Green fluorescent protein has done wonders in biology labs to track all kinds of things in vivo. Being a pretty bulky protein itself, though, makes it difficult to use GFP to label other proteins. Now MIT researchers have developed a method called PRIME (PRobe Incorporation Mediated by Enzymes) that uses a much smaller blue fluorescent probe (7-hydroxycoumarin) that doesn’t seem to interfere with natural function of proteins it’s been attached to.
Unlike GFP, the new probe is not joined to the target protein as it’s produced inside the cell. Instead, the probe is attached later on by a new enzyme that the researchers also designed.
For this to work, the researchers must add the gene for the new enzyme, known as a fluorophore ligase, to each cell at the same time that they add the gene for the protein of interest. They also add a short tag (13 amino acids) to the target protein, and this tag allows the enzyme to recognize the protein. When the blue fluorescent probe (7-hydroxycoumarin) is added to the cell, the enzyme attaches it to the short tag on the target protein.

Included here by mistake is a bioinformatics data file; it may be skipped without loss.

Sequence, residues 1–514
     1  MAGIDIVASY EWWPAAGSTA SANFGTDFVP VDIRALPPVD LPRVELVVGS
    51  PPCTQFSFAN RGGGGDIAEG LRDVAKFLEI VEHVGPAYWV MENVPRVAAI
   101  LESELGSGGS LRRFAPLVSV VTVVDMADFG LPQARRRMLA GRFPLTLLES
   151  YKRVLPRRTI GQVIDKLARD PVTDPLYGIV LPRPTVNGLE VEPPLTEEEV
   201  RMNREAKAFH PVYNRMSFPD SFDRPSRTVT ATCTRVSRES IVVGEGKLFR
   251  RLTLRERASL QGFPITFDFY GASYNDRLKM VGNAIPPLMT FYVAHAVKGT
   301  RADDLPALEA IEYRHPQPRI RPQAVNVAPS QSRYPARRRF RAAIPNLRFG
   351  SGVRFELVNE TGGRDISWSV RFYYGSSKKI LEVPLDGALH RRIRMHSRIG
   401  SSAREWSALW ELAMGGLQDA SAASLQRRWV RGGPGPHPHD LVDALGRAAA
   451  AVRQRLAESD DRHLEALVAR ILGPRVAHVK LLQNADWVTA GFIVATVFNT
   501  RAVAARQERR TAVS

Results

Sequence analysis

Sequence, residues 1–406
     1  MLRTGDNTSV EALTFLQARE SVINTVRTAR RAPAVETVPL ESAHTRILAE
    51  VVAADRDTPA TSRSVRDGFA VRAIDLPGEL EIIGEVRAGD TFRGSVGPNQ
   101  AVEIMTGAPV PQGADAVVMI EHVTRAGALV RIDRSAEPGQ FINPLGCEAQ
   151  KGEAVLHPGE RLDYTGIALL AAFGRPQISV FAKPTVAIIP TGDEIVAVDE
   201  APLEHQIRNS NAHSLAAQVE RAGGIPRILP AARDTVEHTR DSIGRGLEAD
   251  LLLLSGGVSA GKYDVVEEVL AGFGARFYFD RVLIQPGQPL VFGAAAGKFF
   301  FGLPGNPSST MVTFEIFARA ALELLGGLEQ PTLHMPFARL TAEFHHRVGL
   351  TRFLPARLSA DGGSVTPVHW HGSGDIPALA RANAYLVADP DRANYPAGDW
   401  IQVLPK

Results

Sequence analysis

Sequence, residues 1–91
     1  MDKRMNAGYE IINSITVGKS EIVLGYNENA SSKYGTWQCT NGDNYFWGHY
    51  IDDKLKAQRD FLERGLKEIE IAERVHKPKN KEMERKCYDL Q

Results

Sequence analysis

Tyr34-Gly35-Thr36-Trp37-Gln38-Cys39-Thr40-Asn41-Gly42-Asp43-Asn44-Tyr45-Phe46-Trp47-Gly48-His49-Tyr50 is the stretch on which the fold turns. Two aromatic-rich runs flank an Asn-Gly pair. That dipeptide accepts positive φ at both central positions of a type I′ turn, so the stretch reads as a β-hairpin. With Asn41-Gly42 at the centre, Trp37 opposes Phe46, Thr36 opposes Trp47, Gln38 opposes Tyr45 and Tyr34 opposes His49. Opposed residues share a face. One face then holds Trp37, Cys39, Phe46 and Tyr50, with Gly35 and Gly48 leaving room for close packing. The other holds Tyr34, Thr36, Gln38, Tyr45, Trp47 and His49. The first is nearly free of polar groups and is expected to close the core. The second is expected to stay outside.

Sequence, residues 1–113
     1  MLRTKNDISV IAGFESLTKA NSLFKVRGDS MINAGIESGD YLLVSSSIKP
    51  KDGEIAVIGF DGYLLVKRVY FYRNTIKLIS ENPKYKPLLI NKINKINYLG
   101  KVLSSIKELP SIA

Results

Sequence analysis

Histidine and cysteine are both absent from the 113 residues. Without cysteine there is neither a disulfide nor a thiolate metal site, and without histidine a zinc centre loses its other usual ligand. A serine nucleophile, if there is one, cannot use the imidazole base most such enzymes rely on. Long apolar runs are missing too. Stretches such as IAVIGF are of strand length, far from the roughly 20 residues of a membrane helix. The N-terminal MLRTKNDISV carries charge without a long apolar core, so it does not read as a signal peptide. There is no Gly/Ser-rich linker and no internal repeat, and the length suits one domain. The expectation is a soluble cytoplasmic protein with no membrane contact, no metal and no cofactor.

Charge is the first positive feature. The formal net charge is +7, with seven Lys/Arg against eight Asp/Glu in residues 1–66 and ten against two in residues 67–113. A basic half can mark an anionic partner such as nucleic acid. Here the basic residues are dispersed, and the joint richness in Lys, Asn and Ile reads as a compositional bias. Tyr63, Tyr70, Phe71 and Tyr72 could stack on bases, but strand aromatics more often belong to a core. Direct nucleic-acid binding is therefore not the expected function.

With this method, proteins such as actin can move freely throughout the cell and cross into the nucleus even when tagged with the fluorescent probe.
The researchers also demonstrated that they can label proteins in specific parts of the cell, such as the nucleus, cell membrane [see image] or cytosol (the interior of the cell), by tagging the enzyme with genetic sequences that direct it to specific locations. That way, the enzyme attaches the fluorescent probe only to proteins in those locations.
MIT press release: Giving proteins a new glow…
Abstract in PNAS: A fluorophore ligase for site-specific protein labeling inside living cells